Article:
The first athletes have checked into Beijing's newly-built Olympic village, with 12 days to go until the Games.
China's basketball star Yao Ming and hurdler Liu Xiang were present for a flag-raising ceremony at the heavily guarded site.
The opening came on a muggy morning and correspondents reported a haze of pollution over the village's complex of luxurious, high-rise apartments.
In all 16,000 competitors will stay there during the games.
The BBC's Quentin Sommerville, in Beijing, says the flats - housing either four or eight people each - have been built to an unusually high environmental standard for China.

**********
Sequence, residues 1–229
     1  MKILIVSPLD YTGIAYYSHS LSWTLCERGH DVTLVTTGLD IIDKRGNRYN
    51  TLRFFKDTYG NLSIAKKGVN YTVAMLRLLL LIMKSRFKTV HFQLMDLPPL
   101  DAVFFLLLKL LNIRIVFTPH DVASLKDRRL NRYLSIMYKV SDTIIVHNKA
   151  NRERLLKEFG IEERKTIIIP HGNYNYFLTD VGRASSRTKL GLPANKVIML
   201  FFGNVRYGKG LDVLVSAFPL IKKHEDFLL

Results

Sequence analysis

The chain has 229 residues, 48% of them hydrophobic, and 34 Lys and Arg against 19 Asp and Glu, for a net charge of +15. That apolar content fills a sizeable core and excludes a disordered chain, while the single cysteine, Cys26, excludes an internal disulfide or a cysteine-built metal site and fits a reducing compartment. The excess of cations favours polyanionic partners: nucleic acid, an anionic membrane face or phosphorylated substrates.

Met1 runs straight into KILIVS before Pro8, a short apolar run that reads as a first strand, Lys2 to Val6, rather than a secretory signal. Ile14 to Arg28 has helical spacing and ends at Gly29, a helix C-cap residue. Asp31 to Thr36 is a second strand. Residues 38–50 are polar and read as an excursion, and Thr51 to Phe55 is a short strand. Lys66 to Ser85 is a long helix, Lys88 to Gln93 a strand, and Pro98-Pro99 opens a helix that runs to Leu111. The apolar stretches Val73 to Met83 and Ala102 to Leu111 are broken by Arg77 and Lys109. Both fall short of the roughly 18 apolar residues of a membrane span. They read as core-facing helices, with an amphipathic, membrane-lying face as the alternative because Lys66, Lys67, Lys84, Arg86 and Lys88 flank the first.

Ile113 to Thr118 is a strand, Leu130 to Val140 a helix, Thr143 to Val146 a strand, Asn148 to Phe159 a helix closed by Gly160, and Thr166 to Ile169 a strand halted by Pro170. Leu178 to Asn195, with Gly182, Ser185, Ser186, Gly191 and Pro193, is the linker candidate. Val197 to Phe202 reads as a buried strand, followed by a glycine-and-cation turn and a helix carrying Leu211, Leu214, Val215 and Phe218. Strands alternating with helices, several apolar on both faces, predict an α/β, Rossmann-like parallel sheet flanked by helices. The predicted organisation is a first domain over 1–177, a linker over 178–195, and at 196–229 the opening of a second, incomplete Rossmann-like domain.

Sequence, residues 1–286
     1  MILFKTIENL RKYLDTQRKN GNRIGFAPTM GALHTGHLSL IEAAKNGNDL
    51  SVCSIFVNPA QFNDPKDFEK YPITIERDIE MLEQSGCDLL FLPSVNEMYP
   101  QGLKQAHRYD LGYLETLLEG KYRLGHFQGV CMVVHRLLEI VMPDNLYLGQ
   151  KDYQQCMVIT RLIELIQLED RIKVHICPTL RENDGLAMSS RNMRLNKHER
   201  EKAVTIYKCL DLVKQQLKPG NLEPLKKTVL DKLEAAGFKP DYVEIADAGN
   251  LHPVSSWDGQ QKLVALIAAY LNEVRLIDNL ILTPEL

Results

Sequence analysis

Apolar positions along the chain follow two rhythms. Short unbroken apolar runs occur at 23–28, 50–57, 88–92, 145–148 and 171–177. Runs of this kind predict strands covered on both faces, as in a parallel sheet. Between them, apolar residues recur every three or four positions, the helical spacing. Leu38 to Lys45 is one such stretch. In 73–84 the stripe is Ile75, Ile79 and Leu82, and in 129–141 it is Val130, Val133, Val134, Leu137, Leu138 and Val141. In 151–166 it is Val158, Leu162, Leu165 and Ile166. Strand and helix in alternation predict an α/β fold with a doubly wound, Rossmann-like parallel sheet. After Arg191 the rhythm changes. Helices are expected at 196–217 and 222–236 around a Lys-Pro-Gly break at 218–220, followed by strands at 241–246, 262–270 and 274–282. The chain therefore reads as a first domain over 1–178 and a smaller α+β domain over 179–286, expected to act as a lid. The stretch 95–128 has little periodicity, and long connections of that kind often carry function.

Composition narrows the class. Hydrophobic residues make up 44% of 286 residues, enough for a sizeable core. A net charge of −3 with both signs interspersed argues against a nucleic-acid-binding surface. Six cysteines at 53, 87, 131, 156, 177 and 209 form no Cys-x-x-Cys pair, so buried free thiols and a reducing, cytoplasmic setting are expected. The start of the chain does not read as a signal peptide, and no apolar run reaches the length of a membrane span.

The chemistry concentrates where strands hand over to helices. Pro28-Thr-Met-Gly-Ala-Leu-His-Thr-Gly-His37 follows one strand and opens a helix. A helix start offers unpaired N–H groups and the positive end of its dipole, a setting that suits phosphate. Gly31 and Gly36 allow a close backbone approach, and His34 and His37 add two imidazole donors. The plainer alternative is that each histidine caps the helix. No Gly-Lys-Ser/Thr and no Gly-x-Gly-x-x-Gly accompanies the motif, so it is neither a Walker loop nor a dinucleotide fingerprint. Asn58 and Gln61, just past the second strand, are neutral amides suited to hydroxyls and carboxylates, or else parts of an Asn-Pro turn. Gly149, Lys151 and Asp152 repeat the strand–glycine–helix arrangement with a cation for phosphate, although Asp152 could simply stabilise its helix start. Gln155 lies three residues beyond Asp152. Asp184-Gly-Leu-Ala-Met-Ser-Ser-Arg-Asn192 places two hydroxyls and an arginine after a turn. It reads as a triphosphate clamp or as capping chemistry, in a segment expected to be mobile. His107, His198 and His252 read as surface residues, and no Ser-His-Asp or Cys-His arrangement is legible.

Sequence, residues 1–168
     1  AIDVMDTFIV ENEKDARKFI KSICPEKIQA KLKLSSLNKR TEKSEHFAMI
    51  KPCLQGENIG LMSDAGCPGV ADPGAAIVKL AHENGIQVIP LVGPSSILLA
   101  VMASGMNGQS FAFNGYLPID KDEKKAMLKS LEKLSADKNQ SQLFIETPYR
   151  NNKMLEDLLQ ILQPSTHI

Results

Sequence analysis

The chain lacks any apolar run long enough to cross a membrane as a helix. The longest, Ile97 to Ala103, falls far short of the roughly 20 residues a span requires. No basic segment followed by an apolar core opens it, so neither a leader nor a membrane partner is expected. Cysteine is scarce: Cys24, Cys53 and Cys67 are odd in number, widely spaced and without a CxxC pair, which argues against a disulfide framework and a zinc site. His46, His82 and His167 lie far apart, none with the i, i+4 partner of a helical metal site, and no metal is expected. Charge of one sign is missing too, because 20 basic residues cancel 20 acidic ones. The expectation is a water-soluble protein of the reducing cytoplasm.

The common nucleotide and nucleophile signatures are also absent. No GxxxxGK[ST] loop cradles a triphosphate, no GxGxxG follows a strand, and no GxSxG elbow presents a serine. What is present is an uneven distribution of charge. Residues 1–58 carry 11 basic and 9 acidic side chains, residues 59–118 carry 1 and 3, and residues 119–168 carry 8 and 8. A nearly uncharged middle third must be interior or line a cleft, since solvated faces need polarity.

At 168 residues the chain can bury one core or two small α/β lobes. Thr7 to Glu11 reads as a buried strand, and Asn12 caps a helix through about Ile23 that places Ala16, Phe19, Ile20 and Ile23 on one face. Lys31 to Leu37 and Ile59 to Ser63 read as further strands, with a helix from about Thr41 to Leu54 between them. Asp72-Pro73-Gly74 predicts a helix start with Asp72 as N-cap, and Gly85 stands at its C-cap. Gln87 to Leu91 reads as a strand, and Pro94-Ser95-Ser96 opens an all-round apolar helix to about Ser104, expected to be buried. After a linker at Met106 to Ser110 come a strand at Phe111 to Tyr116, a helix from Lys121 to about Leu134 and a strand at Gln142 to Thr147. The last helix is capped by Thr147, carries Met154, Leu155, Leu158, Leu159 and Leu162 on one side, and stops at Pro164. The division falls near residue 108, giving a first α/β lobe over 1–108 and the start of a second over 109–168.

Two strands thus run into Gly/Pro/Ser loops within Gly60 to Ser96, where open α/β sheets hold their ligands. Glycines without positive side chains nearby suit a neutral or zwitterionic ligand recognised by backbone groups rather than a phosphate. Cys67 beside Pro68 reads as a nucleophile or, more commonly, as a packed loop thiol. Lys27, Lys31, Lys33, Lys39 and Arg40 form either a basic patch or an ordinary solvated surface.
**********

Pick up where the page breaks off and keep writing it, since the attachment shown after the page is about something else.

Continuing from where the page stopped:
Solar energy will power some of the buildings, and unlike most of China, residents will be able to drink the water straight from the tap.
Specially extended beds have been installed for taller athletes.
Food safety is a concern in China, so everything served to the athletes will have undergone spot checks at mobile laboratories, our correspondent says.
Key to the village
Speaking at the opening ceremony, a vice-president of Beijing's organising committee, Chen Zhili, said: "We now welcome athletes from around the world to come to the Games."
Chen, the so-called mayor of the village, added: "We will try to satisfy the needs of people from different cultural and religious backgrounds."
He received a symbolic gold key to the village from organizing committee president Liu Qi, also the head of Beijing's Communist Party.
Chinese athletes were the first to check into the village.
The flats will be refitted and sold after the Olympics.
Reports say they will cost up to $1m (£500,000) - considered a high price even in Beijing's soaring property market.